Workplace Wellness…On Second Thought
By Jamey Bednez, Director of Health and Productivity
Let’s face it, the traditional worksite wellness approach has arguably been an abject failure. Predominately, stimulated of the search to control health care costs and improve overall employee health, employers have poured millions of dollars into doing little more than nagging their employees to eat their vegetables and take a walk. The outcomes have been abysmal.
Philosophically, I can’t argue against the premise of an employer offering initiatives to support the health and wellbeing of their employees. But somewhere along the way, employees have become victim to a short sighted program that punishes rather than supports them.
In their simplest form, and I might add, most problematic, employer sponsored wellness programs traditionally consist of biometric screenings, health questionnaires, weight loss programs, lunch and learns, and physical activity programs.
The crux of the problem lies within the approach and recent reports are illustrating this point loud and clear. Specifically, a recent Gallop report illustrated its findings and found that employees are valuing wellness perks at the bottom of the list when compared to all benefits. When employers offer wellness programs that feel coercive, are non-voluntary, and have financial penalties for non-participation, employees express decreased levels of morale and engagement. In a study by Willis Towers Watson 2017 Global Benefits Attitudes Survey it was reported the 73% of the respondents expressed that they prefer to manage their health and well-being on their own.
Further, when measuring the impact on improving employee health and or the cost of employer sponsored health care, the data is even more alarming. Recent findings from the RAND Corp found that wellness programs produce no savings. Additionally, the largest wellness-industry trade organization, the Health Enhancement Research Organization (“HERO”), published the Program Metric and Evaluation Guide (“HERO Guide” or “Guide”) and acknowledged that wellness programs do lose money.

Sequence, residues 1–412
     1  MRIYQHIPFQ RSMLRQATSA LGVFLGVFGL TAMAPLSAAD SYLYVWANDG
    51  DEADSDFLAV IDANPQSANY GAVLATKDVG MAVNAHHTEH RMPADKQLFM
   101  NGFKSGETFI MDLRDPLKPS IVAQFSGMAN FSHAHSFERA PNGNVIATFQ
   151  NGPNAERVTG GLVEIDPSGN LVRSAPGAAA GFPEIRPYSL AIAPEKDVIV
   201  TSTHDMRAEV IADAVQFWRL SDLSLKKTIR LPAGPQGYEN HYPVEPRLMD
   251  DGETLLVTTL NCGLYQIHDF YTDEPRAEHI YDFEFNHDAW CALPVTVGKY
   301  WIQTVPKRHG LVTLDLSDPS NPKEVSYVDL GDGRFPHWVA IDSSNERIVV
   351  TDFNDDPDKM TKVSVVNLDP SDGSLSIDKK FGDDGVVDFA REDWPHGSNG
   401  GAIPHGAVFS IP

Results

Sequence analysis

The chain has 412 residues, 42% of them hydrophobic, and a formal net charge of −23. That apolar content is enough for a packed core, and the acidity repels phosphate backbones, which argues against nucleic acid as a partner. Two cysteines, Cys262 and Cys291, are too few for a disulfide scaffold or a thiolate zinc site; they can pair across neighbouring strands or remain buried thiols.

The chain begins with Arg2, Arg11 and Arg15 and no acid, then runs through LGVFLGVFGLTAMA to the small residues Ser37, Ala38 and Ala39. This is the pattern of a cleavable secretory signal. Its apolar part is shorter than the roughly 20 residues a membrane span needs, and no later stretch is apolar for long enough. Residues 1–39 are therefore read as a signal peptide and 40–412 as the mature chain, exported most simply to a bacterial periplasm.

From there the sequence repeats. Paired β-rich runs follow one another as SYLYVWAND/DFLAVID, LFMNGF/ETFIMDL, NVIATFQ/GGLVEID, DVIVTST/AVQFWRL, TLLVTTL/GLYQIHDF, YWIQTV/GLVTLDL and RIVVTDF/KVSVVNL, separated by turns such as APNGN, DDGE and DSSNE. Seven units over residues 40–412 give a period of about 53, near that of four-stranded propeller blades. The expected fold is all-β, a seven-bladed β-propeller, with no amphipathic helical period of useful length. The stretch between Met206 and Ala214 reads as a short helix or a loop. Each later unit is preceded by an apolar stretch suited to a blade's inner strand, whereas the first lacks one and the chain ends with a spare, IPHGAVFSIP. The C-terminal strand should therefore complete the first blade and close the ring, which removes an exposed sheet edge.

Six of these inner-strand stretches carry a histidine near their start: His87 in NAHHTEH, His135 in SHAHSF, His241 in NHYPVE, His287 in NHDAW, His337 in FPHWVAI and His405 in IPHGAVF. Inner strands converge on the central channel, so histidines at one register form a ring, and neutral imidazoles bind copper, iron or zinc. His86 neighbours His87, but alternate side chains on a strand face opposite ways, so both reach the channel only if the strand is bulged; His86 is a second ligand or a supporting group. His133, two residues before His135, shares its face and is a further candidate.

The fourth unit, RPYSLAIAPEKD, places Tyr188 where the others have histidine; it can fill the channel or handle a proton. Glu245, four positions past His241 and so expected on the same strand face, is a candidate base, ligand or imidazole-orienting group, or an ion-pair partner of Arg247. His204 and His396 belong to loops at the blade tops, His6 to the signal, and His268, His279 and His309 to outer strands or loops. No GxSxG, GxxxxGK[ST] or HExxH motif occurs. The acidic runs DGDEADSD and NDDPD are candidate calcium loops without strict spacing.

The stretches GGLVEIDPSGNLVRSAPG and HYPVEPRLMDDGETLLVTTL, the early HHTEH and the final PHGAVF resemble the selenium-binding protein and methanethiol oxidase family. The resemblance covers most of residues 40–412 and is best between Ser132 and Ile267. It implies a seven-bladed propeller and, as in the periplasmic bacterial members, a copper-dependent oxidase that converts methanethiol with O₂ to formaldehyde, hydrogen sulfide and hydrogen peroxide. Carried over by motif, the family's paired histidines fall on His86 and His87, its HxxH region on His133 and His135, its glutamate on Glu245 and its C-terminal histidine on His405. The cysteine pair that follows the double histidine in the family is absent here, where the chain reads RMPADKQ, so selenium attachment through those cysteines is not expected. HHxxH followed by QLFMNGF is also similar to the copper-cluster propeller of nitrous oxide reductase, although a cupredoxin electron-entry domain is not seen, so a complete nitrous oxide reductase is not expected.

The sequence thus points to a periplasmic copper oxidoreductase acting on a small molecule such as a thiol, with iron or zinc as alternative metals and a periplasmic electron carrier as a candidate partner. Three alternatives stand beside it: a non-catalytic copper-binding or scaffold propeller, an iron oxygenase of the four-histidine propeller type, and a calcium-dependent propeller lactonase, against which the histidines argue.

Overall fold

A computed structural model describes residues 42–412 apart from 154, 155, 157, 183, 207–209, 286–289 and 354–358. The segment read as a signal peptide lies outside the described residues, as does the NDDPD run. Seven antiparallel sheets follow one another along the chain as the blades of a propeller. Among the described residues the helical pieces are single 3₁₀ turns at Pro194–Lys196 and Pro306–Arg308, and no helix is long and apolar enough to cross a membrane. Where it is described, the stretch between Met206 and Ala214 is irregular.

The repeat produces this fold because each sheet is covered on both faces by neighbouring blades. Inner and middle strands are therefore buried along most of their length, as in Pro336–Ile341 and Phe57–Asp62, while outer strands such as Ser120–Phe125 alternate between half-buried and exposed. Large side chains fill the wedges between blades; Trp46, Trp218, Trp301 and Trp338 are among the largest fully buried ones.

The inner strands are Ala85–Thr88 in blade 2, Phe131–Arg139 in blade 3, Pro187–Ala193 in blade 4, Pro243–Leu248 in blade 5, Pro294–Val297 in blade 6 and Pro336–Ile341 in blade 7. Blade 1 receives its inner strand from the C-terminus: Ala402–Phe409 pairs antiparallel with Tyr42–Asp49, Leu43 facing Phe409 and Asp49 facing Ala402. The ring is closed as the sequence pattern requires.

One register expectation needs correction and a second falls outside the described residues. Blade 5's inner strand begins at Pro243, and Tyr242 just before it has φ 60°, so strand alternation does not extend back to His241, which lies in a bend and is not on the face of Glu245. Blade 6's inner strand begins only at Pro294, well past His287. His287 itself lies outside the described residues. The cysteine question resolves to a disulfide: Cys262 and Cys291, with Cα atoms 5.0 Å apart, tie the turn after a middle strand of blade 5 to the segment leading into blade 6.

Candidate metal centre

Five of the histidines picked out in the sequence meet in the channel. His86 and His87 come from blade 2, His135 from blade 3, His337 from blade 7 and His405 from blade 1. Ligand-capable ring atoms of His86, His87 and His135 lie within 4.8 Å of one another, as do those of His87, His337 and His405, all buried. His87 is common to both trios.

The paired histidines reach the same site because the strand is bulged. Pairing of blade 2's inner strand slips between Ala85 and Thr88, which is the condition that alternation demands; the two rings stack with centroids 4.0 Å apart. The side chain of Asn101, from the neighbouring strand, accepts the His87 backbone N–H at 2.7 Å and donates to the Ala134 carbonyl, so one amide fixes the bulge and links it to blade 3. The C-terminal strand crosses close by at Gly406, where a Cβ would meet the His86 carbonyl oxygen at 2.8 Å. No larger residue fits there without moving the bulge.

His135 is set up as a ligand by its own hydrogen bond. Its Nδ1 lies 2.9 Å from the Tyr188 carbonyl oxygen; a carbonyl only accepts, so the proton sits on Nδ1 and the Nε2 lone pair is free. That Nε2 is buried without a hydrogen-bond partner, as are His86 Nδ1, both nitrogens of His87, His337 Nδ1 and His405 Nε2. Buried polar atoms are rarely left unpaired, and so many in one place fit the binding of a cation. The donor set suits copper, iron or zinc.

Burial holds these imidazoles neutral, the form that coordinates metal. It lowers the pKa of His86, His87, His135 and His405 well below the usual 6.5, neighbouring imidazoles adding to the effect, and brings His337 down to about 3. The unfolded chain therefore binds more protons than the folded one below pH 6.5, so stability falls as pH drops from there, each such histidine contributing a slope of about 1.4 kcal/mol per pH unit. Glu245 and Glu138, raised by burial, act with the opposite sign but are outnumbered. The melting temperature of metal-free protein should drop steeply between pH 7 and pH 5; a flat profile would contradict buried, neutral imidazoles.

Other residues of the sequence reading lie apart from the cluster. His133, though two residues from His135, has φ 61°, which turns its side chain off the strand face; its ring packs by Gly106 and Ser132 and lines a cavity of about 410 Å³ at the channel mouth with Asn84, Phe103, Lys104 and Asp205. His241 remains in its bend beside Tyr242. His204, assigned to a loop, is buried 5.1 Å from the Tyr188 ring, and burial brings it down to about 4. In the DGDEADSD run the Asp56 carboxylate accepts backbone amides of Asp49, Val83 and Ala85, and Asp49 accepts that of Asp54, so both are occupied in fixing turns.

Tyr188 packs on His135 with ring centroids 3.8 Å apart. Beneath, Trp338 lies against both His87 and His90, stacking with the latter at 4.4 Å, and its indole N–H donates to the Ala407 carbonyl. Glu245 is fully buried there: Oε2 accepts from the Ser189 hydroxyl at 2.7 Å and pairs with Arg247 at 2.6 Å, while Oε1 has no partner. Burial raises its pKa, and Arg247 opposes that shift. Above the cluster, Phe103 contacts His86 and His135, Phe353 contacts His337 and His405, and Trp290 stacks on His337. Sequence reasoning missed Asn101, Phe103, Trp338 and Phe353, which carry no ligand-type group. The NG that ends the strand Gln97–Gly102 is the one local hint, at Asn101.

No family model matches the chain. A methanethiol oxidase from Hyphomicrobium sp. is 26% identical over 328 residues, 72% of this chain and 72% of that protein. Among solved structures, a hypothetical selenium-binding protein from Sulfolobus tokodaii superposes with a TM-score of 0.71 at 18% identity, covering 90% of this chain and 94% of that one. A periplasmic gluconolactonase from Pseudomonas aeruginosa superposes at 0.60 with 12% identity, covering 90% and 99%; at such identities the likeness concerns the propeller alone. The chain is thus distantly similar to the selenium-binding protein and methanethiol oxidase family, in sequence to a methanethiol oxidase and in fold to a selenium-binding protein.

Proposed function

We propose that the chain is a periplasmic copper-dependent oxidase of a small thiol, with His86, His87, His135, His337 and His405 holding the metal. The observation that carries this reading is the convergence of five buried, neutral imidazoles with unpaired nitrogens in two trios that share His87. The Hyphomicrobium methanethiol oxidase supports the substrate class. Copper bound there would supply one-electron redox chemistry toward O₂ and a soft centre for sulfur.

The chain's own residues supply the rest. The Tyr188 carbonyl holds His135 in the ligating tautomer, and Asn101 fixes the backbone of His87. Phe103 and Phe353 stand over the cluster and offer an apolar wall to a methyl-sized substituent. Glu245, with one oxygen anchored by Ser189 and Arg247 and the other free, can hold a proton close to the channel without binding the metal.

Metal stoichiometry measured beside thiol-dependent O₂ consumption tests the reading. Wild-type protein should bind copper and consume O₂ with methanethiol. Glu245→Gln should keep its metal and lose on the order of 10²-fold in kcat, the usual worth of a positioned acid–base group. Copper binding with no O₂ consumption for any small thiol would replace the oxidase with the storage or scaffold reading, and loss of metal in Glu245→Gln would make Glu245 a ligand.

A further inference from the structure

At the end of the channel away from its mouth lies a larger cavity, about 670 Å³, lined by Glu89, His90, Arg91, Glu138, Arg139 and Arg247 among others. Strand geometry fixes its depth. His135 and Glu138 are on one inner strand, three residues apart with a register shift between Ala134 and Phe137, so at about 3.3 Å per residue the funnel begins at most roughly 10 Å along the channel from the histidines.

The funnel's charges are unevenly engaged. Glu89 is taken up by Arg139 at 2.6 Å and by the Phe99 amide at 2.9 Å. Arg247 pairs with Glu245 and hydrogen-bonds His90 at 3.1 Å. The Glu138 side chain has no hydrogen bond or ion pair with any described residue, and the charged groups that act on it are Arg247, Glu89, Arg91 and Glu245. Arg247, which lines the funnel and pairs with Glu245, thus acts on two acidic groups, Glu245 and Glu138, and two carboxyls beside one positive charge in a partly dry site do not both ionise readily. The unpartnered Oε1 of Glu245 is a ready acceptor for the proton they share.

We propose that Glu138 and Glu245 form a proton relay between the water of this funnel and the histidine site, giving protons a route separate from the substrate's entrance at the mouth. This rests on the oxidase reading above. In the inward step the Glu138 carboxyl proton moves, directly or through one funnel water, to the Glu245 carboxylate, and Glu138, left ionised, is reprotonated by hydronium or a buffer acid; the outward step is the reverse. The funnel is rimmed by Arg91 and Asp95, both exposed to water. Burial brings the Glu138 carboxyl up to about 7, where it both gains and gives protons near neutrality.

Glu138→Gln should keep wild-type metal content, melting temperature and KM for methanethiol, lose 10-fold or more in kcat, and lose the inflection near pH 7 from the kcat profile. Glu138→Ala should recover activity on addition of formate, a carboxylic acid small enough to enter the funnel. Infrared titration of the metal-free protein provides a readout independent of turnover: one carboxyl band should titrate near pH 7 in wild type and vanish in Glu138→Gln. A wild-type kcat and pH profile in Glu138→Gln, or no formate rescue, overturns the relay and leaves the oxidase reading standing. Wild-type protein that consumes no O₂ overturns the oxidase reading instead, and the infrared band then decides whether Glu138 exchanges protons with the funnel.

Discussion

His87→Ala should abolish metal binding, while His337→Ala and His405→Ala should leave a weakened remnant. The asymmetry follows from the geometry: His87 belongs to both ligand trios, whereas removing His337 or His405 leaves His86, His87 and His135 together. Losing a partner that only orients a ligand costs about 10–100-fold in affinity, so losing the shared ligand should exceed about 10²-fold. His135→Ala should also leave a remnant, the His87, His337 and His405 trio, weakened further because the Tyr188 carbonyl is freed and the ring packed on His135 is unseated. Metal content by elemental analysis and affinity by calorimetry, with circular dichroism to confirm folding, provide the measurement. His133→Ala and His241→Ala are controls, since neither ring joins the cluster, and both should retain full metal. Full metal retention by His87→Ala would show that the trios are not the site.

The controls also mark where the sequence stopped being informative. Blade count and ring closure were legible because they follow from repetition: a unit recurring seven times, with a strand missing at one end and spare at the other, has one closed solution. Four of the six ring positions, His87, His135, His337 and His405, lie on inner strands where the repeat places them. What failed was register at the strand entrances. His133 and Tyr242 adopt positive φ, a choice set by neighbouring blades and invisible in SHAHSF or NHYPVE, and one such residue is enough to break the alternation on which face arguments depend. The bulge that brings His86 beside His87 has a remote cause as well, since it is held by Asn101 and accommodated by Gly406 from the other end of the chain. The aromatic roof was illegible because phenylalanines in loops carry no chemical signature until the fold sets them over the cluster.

So is it time to throw wellness out with the bath water? If workplace wellness programs don’t work, and employees are opposing employer support with their well-being, isn’t this justification to cease wellness initiatives? Or are there more effective ways to support employee wellbeing?
We don’t have to rip wellness out of the playbook just yet! In those same surveys, employees agree that employers have a role to play in encouraging them to live healthier lifestyles. What is more important to recognize is that employees are asking for support in their decisions regarding health and well-being, rather than programs that force them to make those decisions. Therefore, employers must recognize the nuances of doing wellness “for” employees versus “to” them.
When employers offer wellness “for” employees, they create opportunities to voluntarily engage in programs and services that enable them to make healthier lifestyle choices. A wellness program done “for” employees provides resources to increase awareness around preventive care and work-life balance. A wellness program done “for” employees might offer free health coaching services that work with employees to intrinsically motivate positive behavior change. Wellness done “for” employees focuses on valuing each employee’s purpose and aligning that with the company vision and mission. Wellness done “for” employees offers education and access to wellness services they might not have elsewhere.
Conversely, wellness programs that are offered “to” employee’s forces participation in screenings, questionnaires, and outcome based biomedical risk factors through financial penalties tied to health care premiums. Wellness done “to” employees requires the disclosure of private health information through health risk assessments. Wellness done “to” employees require participation in health fairs and biometric screenings that don’t align with the United States Preventive Task Force Guidelines. Wellness programming done “to” employees creates a culture that devalues employees as humans and treats them more like machines.
In my opinion, traditional workplace wellness programs should be locked in the Smithsonian. It’s time for employers to look through a new lens. Yes, employees have reported valuing employer sponsored walking competitions, fitness classes, lunch and learns, and the like. However, the growing concern around the methodology in which these programs are being offered is gaining traction. Organizational and employee wellbeing programs that focus on supporting employees to bring their best selves to work provide far greater benefit. Employees that feel valued, have work environments that are flexible, and provide tools to cope with living in an ever-changing dynamic world, are more engaged and live healthier happier lives.
O’Boyle, Ed, and Annamarie Mann. “American Workplace Changing at a Dizzying Pace.”Gallup.com, 15 Feb. 2017, news.gallup.com/businessjournal/203957/american-workplace-changing-dizzying-pace.aspx.